State Assemblymember Wilma Chan, who co-sponsored legislation that led to the state takeover of the Oakland Unified School District in 2003, says that contract negotiations to sell Oakland Unified School District Lake Merritt-area property that were authorized in that legislation “should be slowed down” until more information can be obtained about the controversial deal.
Saying in a telephone interview this week that “we are getting conflicting information” about the details of the proposed contract between state Superintendent Jack O’Connell and east coast developers TerraMark/ UrbanAmerica, Chan (D-Oakland) stated that she believes the negotiations should be extended beyond the current Sept. 15 deadline called for in the negotiating agreement between the state and the developers.
Chan co-sponsored the 2003 OUSD takeover legislation with state Senate President Don Perata (D-Oakland).
Under the proposed contract being negotiated, TerraMark/ UrbanAmerica would purchase 8.25 acres of OUSD property that sits on land near the Lake Merritt Channel, which connects Lake Merritt with the Oakland Estuary, with the developers planning to build five high-rise, luxury residential towers on the site.
The OUSD administrative offices, three schools, and two early childhood development centers currently sit on the property. Originally, the TerraMark/Urban America proposal called for all of the OUSD programs to be moved from the site, but, under pressure from parent groups, the developers recently changed their proposal to allow MetWest High School and La Escuelita Elementary School to remain.
All eight members of the Oakland City Council have already come out in opposition to the deal, and the OUSD board of trustees is preparing to vote next month on a proposal that would substitute a multi-grade educational center and a new administration building for the condominiums.
In her telephone interview this week, Chan said, “If the deal doesn’t pan out economically, or if it causes too much disruption for the students whose schools are slated to be moved [under the proposed contract], I won’t support the deal.”
Chan said that she has asked for more information on the deal from O’Connell’s office, and is planning a meeting with school board members in early September.
Chan’s call for a delay in the OUSD property negotiations stands in contrast to Perata, who has gone no further than to say that he is “troubled that the vast majority of Oakland residents and elected officials have concerns about the current [OUSD property sale] proposal.”
Perata made that statement in an Aug. 16 letter to State Superintendent O’Connell, sent after members of the Ad Hoc Committee to Restore Local Control/Governance to the Oakland Schools gave him that deadline to make a public statement on the proposed sale.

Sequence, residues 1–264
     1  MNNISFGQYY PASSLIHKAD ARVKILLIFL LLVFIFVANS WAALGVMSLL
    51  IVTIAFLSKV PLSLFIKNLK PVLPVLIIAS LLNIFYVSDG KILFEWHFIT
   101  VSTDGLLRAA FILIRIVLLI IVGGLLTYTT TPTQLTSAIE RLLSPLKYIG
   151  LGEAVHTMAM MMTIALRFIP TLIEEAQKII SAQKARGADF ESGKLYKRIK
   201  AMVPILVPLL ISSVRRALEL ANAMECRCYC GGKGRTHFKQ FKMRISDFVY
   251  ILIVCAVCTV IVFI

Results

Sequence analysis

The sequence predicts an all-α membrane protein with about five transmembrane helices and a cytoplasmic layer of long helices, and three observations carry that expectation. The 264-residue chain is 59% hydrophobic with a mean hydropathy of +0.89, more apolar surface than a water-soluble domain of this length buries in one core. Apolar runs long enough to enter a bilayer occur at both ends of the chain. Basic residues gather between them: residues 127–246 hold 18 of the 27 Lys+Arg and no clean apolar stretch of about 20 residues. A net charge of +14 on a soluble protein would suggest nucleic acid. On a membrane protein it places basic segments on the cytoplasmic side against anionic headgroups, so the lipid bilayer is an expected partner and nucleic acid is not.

In his letter, Perata told O’Connell that “I continue my request that you cultivate and heed community comment before making any final decisions on this property … Responding to their input is a necessity in the planning process.”
In his letter to O’Connell, Perata reiterated his claim that the provision to allow for the sale of OUSD properties to help pay off the loan to the state was made “at the specific request of the Oakland Unified School Board.”
Perata wrote that “it was also my intention that any plan for such a sale be appropriately reviewed and approved by the public and their elected representatives.”
In March 2003, in the resolution that requested the state loan and triggered the state takeover of the Oakland schools, OUSD trustees included a provision that read “On or before June 30, 2004, the District be allowed to declare as surplus property and sell or lease such property on or before June 30, 2004, and use the proceeds from any such sale or lease to reduce or retire the State loan …”
The provision is identical to the language Perata introduced into SB39, the OUSD state takeover legislation.
However, three trustees who were on the board during the time of the takeover—Dan Siegel, David Kakashiba, and Gary Yee—could not recall who actually wrote the land sale/lease provision in the March 2003 board resolution and whether it was put in at the specific request of board members or was simply part of the language drafted by OUSD staff members.
In addition, the portion of the state legislation that allowed OUSD land to be leased and the proceeds used to pay off the debt were later taken out of the bill in the Assembly Appropriations Committee before the bill was passed by the full legislature and signed by the governor into law. The move was significant because it left the state superintendent only with the option to sell district property to help pay off OUSD’s state debt.
In a telephone interview this week, Assemblymember Chan said she had no idea how the lease provision was taken out of the takeover bill. “I wasn’t even aware that it had been taken out,” Chan said, adding that “all options for the use of the property should be made available to the district.”